Debate simmers over Common Core
How students in grades K through 12 learn in Indiana is at the center of a debate, and educators will make some key decisions this week about Common Core. Today and tomorrow, these teams of educators will hold meetings to draft a new set of learning guidelines for students.
Common Core was a national standard the state board adopted in 2010 along with more than 40 other states. But, over time, some Indiana educators and Governor Mike Pence have decided the guidelines aren't rigorous enough for Hoosier children to make them college and career ready. But, when it comes to fixing the problem, there is some disagreement between Republicans and Democrats about to move forward.
"I'm in favor of the CC, because if our students are going to be ready to be a part of this whole nation, then they need to master the standards. My concern as a Democrat is how we phase it in to make sure it's comparable, if not superior, to what we're doing here with our state standards," said Democrat State Rep. Vernon Smith.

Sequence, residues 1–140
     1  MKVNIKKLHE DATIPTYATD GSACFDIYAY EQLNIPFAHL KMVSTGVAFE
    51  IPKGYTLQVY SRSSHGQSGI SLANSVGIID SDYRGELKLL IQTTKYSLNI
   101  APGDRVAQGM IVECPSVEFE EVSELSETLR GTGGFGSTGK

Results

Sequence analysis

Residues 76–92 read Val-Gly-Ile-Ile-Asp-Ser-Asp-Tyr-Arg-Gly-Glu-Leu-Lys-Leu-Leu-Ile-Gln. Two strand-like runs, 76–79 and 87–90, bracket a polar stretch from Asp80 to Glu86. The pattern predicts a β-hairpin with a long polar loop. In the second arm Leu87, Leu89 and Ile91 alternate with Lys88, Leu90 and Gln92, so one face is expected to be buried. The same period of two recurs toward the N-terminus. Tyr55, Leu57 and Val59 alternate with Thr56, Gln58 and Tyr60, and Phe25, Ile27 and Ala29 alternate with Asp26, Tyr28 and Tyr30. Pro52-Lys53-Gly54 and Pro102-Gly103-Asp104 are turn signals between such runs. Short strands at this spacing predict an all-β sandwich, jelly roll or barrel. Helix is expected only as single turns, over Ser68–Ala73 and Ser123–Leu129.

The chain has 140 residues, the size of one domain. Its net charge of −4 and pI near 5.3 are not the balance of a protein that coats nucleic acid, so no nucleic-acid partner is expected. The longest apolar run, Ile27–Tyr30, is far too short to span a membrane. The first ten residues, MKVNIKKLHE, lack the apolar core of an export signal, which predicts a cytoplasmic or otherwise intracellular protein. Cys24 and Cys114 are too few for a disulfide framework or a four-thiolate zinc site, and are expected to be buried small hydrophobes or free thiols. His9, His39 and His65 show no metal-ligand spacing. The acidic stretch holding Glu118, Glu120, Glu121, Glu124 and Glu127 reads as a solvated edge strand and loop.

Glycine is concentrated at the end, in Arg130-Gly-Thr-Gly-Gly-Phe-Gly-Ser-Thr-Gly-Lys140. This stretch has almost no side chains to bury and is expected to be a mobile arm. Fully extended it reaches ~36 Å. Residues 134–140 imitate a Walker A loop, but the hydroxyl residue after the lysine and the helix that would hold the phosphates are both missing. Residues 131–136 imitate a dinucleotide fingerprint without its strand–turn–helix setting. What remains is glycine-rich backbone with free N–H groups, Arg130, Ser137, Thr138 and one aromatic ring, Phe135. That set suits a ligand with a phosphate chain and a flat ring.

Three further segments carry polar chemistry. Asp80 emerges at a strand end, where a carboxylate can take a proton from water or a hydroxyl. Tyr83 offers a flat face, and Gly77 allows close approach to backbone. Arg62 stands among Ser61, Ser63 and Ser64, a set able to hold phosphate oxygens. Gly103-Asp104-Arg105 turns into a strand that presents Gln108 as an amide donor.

"We wanted to make sure our standards are unique," said Republican State Rep. Bob Behning. "Indiana standards that they are college and career ready is the most important part of it, and that they are developed by Hoosiers and meet the requirements that Common Core would or whatever."
Dr. Lewis Ferebee, Superintendent for IPS, the state's largest school district, said, "More rigorous standards are great and they can be a benefit to our students, but they're only as good as implementation. It's important for us to have the resources to provide professional learning opportunities for our teachers. To unpack those standards and have a deeper understanding so they can implement those standards in the classroom.
"But, I also ensure they have instructional resources in line with those standards," said Dr. Ferebee.
Meanwhile, as new guidelines are being drafted, legislation is floating through the Statehouse to stop Common Core with the end of this school year, planning to implement the new standards in the fall.
Public hearings on the new plan will take place February 24-26 to give lawmakers important feedback.